Curated by Stephanie Rosenthal (Director, Gropius Bau) and organised by the Gropius Bau in collaboration with the Tel Aviv Museum of Art
Hella Jongerius: Woven Cosmos
29 April to 5 September 2021
At the heart of Hella Jongerius’s artistic practice is the connection between industry and craft as well as traditional knowledge and technology. In her work, weaving plays a significant role – one of the oldest cultural technologies, which is at the root of digital code. Woven Cosmos, the solo exhibition devoted to the artist and designer at the Gropius Bau, uses interactive elements to engage visitors in her open-ended, process-oriented techniques, encouraging a critical examination of issues around production and sustainability, present and future. Alongside Jongerius’s research into innovation and her progressive experimental practices, the exhibition highlights her ongoing enquiry into how we relate to objects – and how they can heal us. The show entwines with the history of the Gropius Bau, which was once a Museum and School of the Decorative Arts with its own workshops, a place where art and craft came together. In that tradition, Hella Jongerius will bring her Studio Jongeriuslab to the Gropius Bau to produce new works in the months leading up to the exhibition.
Curated by Stephanie Rosenthal (Director, Gropius Bau) with Clara Meister (Associate Curator, Gropius Bau)
Summer / Autumn 2021
Zanele Muholi self-identifies as a visual activist and has been documenting the life of Black LGBTQIA+ communities since the early 2000s in intimate and powerful photographs across South Africa and beyond. In summer / autumn 2021, the Gropius Bau will host Muholi’s first retrospective in Germany. Alongside their earlier, lesser-known series, the show will feature recent works to display the full range of Muholi’s photographic practice, which addresses sexual politics, racial violence, communal resistance and self-assertion. Muholi’s photography is not only a gesture of empowerment, but consistently challenges the heteronormative gaze while building a network of affinity and new pictorial histories. Series such as Faces and Phases and Brave Beauties have contributed to a growing visual archive that celebrates Black queer and trans selfhood, acting as a testimony of those who risk their lives to live authentically in the face of repression and discrimination.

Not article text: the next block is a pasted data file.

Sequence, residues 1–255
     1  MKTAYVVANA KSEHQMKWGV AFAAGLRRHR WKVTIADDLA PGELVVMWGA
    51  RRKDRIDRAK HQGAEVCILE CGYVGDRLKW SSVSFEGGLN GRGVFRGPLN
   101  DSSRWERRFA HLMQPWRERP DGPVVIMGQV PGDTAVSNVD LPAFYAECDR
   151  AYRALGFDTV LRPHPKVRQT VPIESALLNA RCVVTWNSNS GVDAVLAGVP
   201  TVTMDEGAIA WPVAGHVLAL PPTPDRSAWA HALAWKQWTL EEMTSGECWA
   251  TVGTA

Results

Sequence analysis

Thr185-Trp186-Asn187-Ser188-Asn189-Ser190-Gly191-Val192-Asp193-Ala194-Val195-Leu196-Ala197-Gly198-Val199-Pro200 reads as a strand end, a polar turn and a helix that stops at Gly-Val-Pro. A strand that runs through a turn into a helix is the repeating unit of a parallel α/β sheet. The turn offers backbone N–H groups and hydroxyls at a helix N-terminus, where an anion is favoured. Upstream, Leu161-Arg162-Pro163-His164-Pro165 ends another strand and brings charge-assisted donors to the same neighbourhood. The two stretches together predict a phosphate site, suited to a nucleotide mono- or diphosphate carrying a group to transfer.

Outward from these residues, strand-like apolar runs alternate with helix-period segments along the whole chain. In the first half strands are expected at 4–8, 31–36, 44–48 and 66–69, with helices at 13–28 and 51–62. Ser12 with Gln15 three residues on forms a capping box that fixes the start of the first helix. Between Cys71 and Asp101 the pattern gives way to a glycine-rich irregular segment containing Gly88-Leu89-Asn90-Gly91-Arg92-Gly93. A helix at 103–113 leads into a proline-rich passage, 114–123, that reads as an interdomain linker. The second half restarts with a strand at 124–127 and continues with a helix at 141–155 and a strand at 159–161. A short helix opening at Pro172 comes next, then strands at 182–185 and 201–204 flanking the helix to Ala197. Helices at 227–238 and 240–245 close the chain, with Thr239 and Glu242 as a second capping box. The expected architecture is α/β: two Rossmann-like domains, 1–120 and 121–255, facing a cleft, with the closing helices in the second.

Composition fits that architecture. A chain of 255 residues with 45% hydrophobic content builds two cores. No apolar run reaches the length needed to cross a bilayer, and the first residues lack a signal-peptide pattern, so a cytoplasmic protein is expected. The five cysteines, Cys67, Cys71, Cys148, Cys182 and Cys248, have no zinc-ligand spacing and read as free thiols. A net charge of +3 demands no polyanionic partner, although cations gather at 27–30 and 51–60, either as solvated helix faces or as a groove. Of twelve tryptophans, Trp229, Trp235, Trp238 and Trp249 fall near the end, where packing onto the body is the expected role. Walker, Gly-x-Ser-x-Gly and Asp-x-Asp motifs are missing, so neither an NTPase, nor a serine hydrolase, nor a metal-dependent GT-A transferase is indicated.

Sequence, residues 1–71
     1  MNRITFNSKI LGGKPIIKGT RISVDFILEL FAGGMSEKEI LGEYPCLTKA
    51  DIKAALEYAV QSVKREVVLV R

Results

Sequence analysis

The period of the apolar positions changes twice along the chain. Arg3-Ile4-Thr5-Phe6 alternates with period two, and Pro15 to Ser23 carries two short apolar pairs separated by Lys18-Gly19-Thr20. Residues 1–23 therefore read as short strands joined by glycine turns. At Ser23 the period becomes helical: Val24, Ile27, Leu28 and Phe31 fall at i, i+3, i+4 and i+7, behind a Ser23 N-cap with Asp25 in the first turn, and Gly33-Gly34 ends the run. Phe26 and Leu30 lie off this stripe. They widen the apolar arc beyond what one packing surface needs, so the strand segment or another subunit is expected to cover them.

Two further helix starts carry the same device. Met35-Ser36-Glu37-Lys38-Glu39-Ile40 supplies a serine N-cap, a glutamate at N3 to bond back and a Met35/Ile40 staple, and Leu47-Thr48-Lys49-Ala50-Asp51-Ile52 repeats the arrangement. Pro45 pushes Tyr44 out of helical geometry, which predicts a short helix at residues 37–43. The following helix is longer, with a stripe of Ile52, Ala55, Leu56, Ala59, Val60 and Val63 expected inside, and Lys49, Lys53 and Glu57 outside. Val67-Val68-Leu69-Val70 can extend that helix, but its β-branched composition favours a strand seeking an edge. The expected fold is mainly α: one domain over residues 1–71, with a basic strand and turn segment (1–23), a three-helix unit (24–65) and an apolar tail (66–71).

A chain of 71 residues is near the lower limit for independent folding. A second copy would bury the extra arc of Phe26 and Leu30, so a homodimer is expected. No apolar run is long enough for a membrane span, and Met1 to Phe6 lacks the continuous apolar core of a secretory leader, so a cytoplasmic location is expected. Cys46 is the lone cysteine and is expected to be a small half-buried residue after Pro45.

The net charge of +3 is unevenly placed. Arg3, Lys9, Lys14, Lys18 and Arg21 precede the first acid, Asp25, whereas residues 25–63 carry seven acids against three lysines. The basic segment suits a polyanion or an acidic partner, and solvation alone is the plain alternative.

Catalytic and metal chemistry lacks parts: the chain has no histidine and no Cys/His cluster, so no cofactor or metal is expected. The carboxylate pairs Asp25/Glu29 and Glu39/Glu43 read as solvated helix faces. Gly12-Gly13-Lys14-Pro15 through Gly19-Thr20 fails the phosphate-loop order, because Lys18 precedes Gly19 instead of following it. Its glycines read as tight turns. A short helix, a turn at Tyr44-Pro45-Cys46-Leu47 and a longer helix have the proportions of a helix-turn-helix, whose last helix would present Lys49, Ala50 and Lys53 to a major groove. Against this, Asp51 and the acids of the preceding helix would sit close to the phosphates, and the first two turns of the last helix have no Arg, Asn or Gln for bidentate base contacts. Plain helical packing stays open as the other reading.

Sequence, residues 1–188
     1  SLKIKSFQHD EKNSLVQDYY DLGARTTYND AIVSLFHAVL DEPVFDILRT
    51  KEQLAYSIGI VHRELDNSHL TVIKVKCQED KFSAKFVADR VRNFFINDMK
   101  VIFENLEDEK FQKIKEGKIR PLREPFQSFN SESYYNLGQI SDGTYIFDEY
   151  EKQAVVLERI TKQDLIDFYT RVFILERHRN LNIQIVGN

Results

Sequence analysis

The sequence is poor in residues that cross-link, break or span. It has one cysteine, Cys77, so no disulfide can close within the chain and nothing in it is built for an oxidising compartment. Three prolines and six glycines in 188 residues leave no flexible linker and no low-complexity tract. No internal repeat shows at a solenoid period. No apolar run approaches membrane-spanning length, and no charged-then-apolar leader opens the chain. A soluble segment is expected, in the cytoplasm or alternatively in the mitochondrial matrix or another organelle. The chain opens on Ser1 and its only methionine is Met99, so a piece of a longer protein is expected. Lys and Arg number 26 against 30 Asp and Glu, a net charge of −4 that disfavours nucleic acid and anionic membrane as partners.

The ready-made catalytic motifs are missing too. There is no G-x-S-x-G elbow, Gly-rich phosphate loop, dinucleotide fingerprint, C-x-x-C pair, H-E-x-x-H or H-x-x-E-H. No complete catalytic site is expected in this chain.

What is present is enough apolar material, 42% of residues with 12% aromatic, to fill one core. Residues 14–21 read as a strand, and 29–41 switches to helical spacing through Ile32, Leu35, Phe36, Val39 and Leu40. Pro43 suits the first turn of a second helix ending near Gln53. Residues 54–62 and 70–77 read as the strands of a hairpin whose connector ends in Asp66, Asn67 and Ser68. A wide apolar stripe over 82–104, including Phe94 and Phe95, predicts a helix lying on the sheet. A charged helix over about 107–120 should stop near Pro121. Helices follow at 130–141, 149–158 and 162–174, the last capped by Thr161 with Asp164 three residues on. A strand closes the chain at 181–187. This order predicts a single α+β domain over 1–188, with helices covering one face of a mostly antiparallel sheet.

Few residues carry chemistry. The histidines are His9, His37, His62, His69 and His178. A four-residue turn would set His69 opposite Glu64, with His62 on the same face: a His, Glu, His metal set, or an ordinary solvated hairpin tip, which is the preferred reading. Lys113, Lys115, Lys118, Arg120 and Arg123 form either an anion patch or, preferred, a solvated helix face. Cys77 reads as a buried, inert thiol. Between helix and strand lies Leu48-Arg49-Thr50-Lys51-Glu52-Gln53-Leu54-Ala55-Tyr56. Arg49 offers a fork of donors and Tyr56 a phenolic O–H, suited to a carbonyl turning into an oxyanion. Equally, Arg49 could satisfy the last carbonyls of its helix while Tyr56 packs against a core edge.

Curated by Natasha Ginwala (Associate Curator, Gropius Bau), Yasufumi Nakamori (Senior Curator International Art (Photography), Tate Modern) and Sarah Allen (Assistant Curator, Tate Modern)
Organised by Tate Modern, London in collaboration with the Gropius Bau, Berlin; Maison Européenne de la Photographie, Paris, and Bildmuseet at Umeå University
Zheng Bo: Wanwu Council 萬物社
21 June to 12 September 2021
As In House: Artist in Residence 2020, the artist and theoretician Zheng Bo embarked on the question of how plants practice politics. In summer 2021, his exhibition Wanwu Council 萬物社 will expand upon themes that Zheng Bo worked on during his one-year residency at the Gropius Bau. The Daoist term wanwu translates as “ten thousand things” or “myriad happenings” and embraces the infinite possibilities of life in all its forms. The exhibition premiers the first chapter of Zheng Bo’s film The Political Life of Plants 植物的政治生活 (2021), which has been filmed in Berlin and Brandenburg. It documents conversations with ecologists interspersed with experimental scenes. The series Drawing Life 寫生 (2020–21) brings together drawings of trees and weeds that Zheng Bo encountered over the 24 Solar Terms of one year. This daily drawing practice is a way of persistently staying close to these fellow beings. Wanwu Council 萬物社 takes this approach further: the exhibition will grow out of the Gropius Bau into the “Gropius Wood”, as Zheng Bo calls the community of plane trees that can be found to the west of the building.